Entertainment Properties Energize Prospects for Toy Licensing
A report of the 29th Annual Licensing Expo and the first in a
series exploring the 4E’s of 2009 toy trends
Entertainment provides toy makers with a distinct competitive edge
and the 29th annual Licensing show was the perfect stage to view more
than 7,000 properties from 500 exhibitors under one roof. An
abundance of new characters and entertainment properties gave the
industry a virtual B-12 shot after the Licensing Industry
Merchandiser’s Association (LIMA) announced its estimates that
licensors collected $5.7 billion in royalties in 2008, a 5.6 percent
drop from 2007. Character licensing, which greatly impacts the
youth business, accounted for 46% of total annual royalties.
One of the most influential new exhibits was a an area dedicated to
interactive entertainment, a market segment with tremendous growth
potential as it relates to kids and young adults. According to the NPD
Group, video game hardware and software sales reached US $21.33 billion
The Entertainment Software Association and NPD reported that
family-friendly video games accounted for more than half of all game
sales in 2008, making it the most popular genre. Looking ahead, game
companies will design their marketing efforts using online and other
methods of promotion to mirror the excitement and anticipation of a
movie premier. “This approach to marketing is a template which toy
makers might look to emulate as a way of building community and brand
recognition,” Rice added.
Overall, the new Las Vegas location had its pros and cons.
Attendance seemed slightly down with both exhibitors and retailers
scaling back on staff, as well as less on-site media coverage. On
the plus side, however, exhibitors stated that the buyers who attended
were serious about doing business.
“The move to Las Vegas was a good one,” said Nicholas
Durbridge, Copyrights Group co-founder and chief executive, Chorion.
“People who are here are here for a reason, and they are ready to
Marie-Laure Marchand, Managing Director of European firm Big Bocca,
echoed this sentiment: “This Licensing Show had less traffic, but
the people who attended are the decision-makers, so I am pleased with
the results of the new location.”
Building on a Strong Foundation
The licensing world isn’t all about blockbuster
properties from the movie and entertainment studios. The major toy
companies also have evergreen brands that compete on the same scale as
In addition to being licensees, toy companies also play licensor for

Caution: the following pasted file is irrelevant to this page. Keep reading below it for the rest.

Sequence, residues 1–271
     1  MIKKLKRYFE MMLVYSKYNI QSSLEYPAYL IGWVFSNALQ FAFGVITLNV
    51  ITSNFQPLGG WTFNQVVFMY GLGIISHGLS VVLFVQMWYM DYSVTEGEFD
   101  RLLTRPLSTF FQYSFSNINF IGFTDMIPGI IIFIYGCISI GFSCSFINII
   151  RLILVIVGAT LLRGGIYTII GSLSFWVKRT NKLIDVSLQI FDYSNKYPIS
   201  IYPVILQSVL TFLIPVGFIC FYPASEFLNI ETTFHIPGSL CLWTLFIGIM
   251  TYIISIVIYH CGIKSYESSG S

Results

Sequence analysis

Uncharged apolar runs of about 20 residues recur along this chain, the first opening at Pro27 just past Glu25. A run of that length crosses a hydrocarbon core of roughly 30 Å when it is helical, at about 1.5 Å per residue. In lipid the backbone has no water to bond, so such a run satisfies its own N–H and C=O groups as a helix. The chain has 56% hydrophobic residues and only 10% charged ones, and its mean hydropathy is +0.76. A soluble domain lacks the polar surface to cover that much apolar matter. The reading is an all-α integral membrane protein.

properties with toy roots. For example, Hasbro’s Transformer
franchise started as toys but made the leap to the big screen; and a new
agreement with Electronic Arts will continue to support its properties
in the interactive area. Importantly, Hasbro’s landmark joint
venture with Discovery will include a TV channel and online
Mattel will raise the profile of its Hot Wheels brand with a complete
new roster of licensing, promotional and distribution partners for
apparel, role play, publishing and videogames, inspired by the
introduction of the much anticipated original animated TV series Hot
Wheels Battle Force 5 which will run domestically on Cartoon Network and
in Canada on Teletoon. The show features a team of teenage drivers with
five race cars who must work together to save the earth from
At Disney, global sales of merchandise inspired by High School
Musical and Hannah Montana grew more rapidly in 2008 than any other
Disney franchise, including its Princess line. The wildly successful
Cars franchise reached $2.5 billion in sales in 2008 and is expected to
retain its popularity in 2009 with a series of five-minute Cars Toons.
The whimsical short episodes, developed by Pixar, are being shown on the
Disney Channel, in movie theatres and on Disney DVDs to pave the way for
the next movie installment, slated for release in 2011.
Reyne Rice, TIA’s toy trend specialist, noted the marketing
influence of global brands: “When Disney celebrates and promotes
the tenth anniversary of Disney Princesses, awareness of the princess
mentality will drive more consumers to retail and more retailers to
stock up. This will improve sales for all related products that
incorporate glitz, glamour, fantasy lifestyle and role play.”
Exploring New Opportunities – Kids